Map Is Worth a Thousand Words
I visited the National Geographic Society’s exhibit on mapmaking
in Washington, D.C., last month, I was sort of chagrined to
come away from staring at a huge, 12-to-15-feet-in-diameter
blow-up globe in the center of the hall saying to myself,
“Wow, Africa is big. And Indonesia—big. A lot bigger than
I thought.” I knew that the flat world maps I’m used to seeing
are distorted, making navigation easier but land masses near
the poles much much bigger than those near the equator. But
the visual image of those maps was still stronger than my
knowledge of their weaknesses. It took a different image to
kick me in the gut and make me feel the difference. Images
are hard to shake from your brain.
The residents of Park South, whose neighborhood was made an
urban-renewal zone by the Albany Common Council Monday night,
have seen a lot of maps go by in the past year and half. Maps,
after all, are the bread and butter of urban planners’ work.
They’re used to organize data about the physical condition
of an area, to visually represent demographics, and to lay
out potential changes. Planners use maps as sketch pads, working
out their ideas in a spatial way.
For the most part, however, regular people don’t use maps
that way. Maps represent what is. They show you how to drive
from here to there, and, if you bother to look, where Iraq
is in relation to Afghanistan or Israel. And they have power
to shape people’s opinions on a sub-verbal level. That massive
expanse of green that was the U.S.S.R. on my childhood globe
(see, I remember it was green—I don’t remember the color of
anywhere else) said “lurking superpower” all by itself. And
it’s no accident that some outlets that sell social-justice
bumper stickers and T-shirts also sell world maps that are
upside down (after all, north and south are arbitrary) or
redone in a projection that more accurately shows relative
As planners and citizens dance, parry, or collaborate their
way through neighborhood planning processes, both might do
well to remember the visual power of maps—and how tenuously
they are actually connected to reality.
For example, take Albany’s public meeting on the Midtown Plan
on March 9. This was a meeting to present the results of a
study by a planning consultant of the areas around the midtown
universities. It was, as is customary, presented as a PowerPoint
presentation involving a series of maps. One astute audience
member pointed to a dot next to the Park South neighborhood
and asked what the small-print label said. The answer? A hotel/convention
center. Several already-suspicious Park South residents cried
foul, and the addition made it into the Times Union
the next day.
OK, let’s count the issues here: There’s already a much ballyhooed
convention center proposal for downtown that people have serious
doubts about. Park South is already the subject of a somewhat
controversial plan that makes no mention of a hotel/convention
center. And the dot in question wasn’t actually explained
in the meeting.
Now, says planning commissioner Lori Harris, there’s really
nothing to be worried about. Just because the areas overlap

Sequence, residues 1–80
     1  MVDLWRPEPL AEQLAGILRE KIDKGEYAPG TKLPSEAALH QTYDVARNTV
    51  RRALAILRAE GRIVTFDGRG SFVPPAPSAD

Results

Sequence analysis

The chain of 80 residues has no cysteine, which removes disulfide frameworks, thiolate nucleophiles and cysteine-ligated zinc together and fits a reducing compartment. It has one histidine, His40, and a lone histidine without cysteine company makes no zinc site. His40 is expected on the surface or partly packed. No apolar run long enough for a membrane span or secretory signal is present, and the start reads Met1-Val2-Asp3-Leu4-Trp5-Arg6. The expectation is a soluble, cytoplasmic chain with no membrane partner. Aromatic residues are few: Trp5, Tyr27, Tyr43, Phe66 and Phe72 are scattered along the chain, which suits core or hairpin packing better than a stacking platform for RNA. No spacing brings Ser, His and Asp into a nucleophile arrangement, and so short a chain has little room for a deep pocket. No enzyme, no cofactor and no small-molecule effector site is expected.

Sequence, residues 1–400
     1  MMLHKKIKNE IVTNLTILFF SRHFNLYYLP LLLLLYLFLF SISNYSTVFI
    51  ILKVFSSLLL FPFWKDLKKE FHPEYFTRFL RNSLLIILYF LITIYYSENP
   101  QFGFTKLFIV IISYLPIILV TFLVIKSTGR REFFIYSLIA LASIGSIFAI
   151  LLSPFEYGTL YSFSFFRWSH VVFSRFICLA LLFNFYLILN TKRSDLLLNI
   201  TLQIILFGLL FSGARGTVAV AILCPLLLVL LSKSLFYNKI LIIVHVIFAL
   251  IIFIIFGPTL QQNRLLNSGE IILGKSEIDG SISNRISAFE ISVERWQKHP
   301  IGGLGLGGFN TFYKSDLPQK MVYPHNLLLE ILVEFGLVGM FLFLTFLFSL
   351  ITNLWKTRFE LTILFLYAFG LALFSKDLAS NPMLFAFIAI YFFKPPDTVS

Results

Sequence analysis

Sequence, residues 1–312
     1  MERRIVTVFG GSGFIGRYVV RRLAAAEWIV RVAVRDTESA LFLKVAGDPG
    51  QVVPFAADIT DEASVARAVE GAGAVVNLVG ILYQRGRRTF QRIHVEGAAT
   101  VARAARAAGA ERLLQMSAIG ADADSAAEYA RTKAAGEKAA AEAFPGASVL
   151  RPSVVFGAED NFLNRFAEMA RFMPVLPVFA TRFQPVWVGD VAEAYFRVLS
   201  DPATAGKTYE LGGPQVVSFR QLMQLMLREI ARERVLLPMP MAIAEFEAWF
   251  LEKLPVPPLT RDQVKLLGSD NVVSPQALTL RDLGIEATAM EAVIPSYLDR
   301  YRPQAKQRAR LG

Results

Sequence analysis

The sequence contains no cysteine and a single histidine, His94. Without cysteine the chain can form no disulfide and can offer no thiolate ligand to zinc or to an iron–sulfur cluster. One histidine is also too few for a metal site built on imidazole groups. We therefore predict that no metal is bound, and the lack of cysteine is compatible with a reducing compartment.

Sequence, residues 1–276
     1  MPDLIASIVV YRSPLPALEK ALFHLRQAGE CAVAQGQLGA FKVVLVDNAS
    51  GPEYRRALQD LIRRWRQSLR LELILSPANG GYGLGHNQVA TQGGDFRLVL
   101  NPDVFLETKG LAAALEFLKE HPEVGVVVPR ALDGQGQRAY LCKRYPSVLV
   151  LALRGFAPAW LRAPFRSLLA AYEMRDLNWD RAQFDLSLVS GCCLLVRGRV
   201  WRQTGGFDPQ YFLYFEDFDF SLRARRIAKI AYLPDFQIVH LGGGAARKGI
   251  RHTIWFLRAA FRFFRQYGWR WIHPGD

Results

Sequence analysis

doesn’t mean the Midtown Plan and the Park South plan have
anything to do with each other. No hotel has been added to
the Park South conceptual plan. All that dot means is that
the midtown consultants thought that the area around University
Heights “could sustain” a hotel/convention center, and there
was some blank space near Park South on the map, so they put
it there. Remember to a planner, map = sketch pad.
But that’s not what the residents of Park South saw. They
saw a map, with a hotel on it, and maps in the hands of planners
clearly mean: “We plan to build this here.”
Or take earlier in the Park South process, when a sketch of
the kinds of new homes that might be built if they
got both enough parcels together and an interested
developer, which might involve using eminent domain,
if the Common Council approved its use. But even under
such vague circumstances, the drawing of the houses was specifically
placed on a block of Park South: to wit, one that has a park
on the corner that was fought for by neighborhood residents.
And Harris still seemed surprised that people reacted strongly
to a visual of their beloved park subsumed underneath a gleamingly
artist-rendered townhouse (with garage!). How many times do
we have to say that this is just a concept, just a possibility?,
Visual images are just stronger than verbal reassurances.
And here they were paired with a suspicion of eminent domain
and urban renewal that is quite understandable given their
history of use in this country and city. So it’s hard to imagine
anyone being surprised that residents confronted over and
over with maps that show their homes under a parking lot or
in a yellow “infill” zone are going to be worried.
It may be too late for a better use of maps to change the
dynamic of the Park South planning process. (Nor would that
have been enough by itself. See “Let’s Imagine,” Looking Up,
June 3, 2004.) Now the process moves into a stage where maps,
produced by interested developers, really do represent more
literal plans. But for other areas, it could be worth being
very careful how the visuals are chosen.
Maps and drawings can be a great way to give people a different
view of their own neighborhood, marking abandoned properties,
absentee landlords, demographic distribution, homeowners,
or crime hotspots (oddly, few maps like this were included
in the original Park South plan presentation). They can be
used as templates on which people giving input can sketch
out their own suggestions. And at the right time, with the
right context, both maps and drawings can be wonderful vehicles
for gauging what various stakeholders want for their neighborhood.
You just have to make sure they don’t say more than you want
them to say.